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The holidays are often difficult, and can be downright depressing, especially for those who have pain from a loss, a traumatic experience, or just plain loneliness (e.g., not having a date for holiday parties, not being asked to holiday parties). Sometimes the pain can be lessened as it is ignored while sharing time with others. Others find cutting the best way to escape emotional pain.

Stating the obvious, pain is not a pleasant experience (putting aside for a moment pain asymbolia, a medical condition where people perceive pain but don't suffer from it). Physical pain can be useful as it alerts us to something wrong with our bodies. It also teaches us to avoid harming our bodies in the future. (As my father used to say, "if it hurts to do this [slaps himself across the face], don't do that.")

Emotional pain is a bit different. How we associate that pain seems to play an important role in the intensity of the miserable feeling. If we can get over the fear associated with the pain, the pain isn't as hurtful. For example, someone who associates the feeling of having a bandage pulled off as part of the healing process will experience less pain than someone who hasn't any expectation of healing. That's one of the primary reasons why friends, family, and psychologists coach us to look to the positive when dealing with pain. (Although, faking reality that things will get better doesn't help and can lead to terrible consequences.)

What pains are you experiencing over the holiday season? Is emotional pain ever useful to you? Have you ever tried to disassociate yourself from physical or emotional pain? Have you experienced so much pain that you're now used to it? How would you describe your pain tolerance? How do you heal from your emotional pain?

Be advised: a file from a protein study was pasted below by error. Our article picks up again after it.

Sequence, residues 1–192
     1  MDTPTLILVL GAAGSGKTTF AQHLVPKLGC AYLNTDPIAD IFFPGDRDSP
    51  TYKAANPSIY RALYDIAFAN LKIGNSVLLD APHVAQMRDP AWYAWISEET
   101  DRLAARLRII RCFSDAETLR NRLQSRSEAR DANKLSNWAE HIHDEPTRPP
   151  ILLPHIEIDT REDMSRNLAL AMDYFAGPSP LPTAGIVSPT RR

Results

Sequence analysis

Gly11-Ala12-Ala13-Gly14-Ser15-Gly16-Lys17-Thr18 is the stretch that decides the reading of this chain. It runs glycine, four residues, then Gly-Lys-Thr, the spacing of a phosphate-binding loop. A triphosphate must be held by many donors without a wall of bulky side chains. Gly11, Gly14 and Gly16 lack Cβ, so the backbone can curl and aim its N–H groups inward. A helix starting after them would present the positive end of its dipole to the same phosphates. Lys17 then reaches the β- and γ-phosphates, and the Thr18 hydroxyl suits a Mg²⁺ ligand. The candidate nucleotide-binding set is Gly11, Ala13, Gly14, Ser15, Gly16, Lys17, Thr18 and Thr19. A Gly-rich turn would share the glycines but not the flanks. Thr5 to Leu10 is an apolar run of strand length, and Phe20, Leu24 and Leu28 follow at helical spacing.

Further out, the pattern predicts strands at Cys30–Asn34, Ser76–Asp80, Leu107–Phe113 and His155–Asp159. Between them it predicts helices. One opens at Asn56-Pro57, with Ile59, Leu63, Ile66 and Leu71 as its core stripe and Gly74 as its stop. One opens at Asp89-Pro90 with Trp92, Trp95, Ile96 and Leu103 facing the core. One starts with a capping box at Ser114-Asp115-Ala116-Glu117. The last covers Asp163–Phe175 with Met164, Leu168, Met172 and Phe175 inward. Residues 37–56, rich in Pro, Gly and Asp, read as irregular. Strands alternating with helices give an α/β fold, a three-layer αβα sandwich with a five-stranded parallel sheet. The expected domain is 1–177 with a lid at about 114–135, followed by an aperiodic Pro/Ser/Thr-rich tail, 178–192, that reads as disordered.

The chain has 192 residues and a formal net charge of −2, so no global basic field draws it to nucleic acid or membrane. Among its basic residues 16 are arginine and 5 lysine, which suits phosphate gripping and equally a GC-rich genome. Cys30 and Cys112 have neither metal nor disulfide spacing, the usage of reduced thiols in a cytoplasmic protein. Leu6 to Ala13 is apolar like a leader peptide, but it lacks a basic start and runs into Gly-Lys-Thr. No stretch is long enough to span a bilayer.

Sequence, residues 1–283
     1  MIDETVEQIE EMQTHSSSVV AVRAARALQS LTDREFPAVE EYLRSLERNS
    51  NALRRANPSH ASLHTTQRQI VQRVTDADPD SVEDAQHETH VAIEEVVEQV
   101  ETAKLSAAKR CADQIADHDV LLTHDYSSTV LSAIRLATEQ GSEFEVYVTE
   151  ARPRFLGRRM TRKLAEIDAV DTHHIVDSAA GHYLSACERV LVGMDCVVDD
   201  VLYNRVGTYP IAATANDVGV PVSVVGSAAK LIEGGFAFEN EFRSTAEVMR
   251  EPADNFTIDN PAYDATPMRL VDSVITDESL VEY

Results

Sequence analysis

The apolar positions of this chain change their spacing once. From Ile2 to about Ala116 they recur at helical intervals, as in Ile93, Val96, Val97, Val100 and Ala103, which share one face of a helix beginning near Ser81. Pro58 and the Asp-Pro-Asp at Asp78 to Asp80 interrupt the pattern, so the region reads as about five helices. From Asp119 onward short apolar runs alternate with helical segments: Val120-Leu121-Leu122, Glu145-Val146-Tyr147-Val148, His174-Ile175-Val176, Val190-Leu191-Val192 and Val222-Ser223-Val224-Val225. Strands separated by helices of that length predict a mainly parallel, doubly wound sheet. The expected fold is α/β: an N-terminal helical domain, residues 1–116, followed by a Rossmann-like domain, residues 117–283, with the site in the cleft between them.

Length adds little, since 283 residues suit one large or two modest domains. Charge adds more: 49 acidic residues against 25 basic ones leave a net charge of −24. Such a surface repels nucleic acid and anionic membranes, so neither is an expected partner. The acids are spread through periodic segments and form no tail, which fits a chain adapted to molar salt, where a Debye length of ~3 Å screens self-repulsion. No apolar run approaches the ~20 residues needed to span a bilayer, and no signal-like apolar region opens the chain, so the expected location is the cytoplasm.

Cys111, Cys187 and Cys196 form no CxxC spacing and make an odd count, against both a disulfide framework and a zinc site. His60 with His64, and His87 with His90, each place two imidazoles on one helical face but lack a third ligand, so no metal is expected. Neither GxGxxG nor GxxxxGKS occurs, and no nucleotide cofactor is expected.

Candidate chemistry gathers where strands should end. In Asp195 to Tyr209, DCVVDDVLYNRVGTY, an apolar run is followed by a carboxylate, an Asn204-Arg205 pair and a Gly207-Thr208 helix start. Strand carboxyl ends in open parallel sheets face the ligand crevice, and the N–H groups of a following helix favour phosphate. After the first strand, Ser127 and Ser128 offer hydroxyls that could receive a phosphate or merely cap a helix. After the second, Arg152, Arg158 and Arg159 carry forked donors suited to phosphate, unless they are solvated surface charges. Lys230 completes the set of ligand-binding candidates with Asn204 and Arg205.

Yesterday marked the end of my 18-day stay in New York Presbyterian Hospital's burn unit, where I landed after accidentally overturning a pot of hot cooking oil onto myself. I ended up with second- and third- degree burns over much of my legs, but after skin graft surgery and some physical therapy, I can walk again, albeit unsteadily, and I have skin on my legs again, albeit ugly skin…

But the one thing that did seem to dramatically affect my pain level was my belief about what was causing the pain. At one point, I was lying on my side and a nurse was pulling a bandage off of one of my burns; I couldn't see what she was doing, but it felt like the bandage was sticking to the wound, and it was agonizing. But then she said: "Now, keep in mind, I'm just taking off the edges of the bandage here, so this is all normal skin. It just hurts because it's like pulling tape off your skin." And once she said that - once I started picturing tape being pulled off of normal, intact skin rather than an open wound - the pain didn't bother me nearly as much. It really drove home to me how much of my experience of pain is psychological; if I believe the cause of the pain is something frightening or upsetting, then the pain seems much worse.

And in fact, I'd had a similar thought a few months ago, which I'd then forgotten about until the burn experience called it back to mind. I'd been carrying a heavy shopping bag on my shoulder one day, and the weight of the bag's straps was cutting into the skin on my shoulder. But I barely noticed it. And then it occurred to me that if I had been experiencing that exact same sensation on my shoulder, in the absence of a shopping bag, it would have seemed quite painful. The fact that I knew the sensation was caused by something mundane and harmless reduced the pain so much it didn't even register in my mind as a negative experience.

Reflections on pain, from the burn unit


Original posting by Braincrave Second Life staff on Dec 29, 2011 at http://www.braincrave.com/viewblog.php?id=674

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